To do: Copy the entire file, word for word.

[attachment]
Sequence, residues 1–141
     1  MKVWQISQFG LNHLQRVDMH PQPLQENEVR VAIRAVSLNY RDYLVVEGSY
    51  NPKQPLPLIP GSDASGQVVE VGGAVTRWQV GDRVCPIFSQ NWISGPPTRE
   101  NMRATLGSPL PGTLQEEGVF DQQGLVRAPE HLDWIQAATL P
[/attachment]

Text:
Sequence, residues 1–141
     1  MKVWQISQFG LNHLQRVDMH PQPLQENEVR VAIRAVSLNY RDYLVVEGSY
    51  NPKQPLPLIP GSDASGQVVE VGGAVTRWQV GDRVCPIFSQ NWISGPPTRE
   101  NMRATLGSPL PGTLQEEGVF DQQGLVRAPE HLDWIQAATL P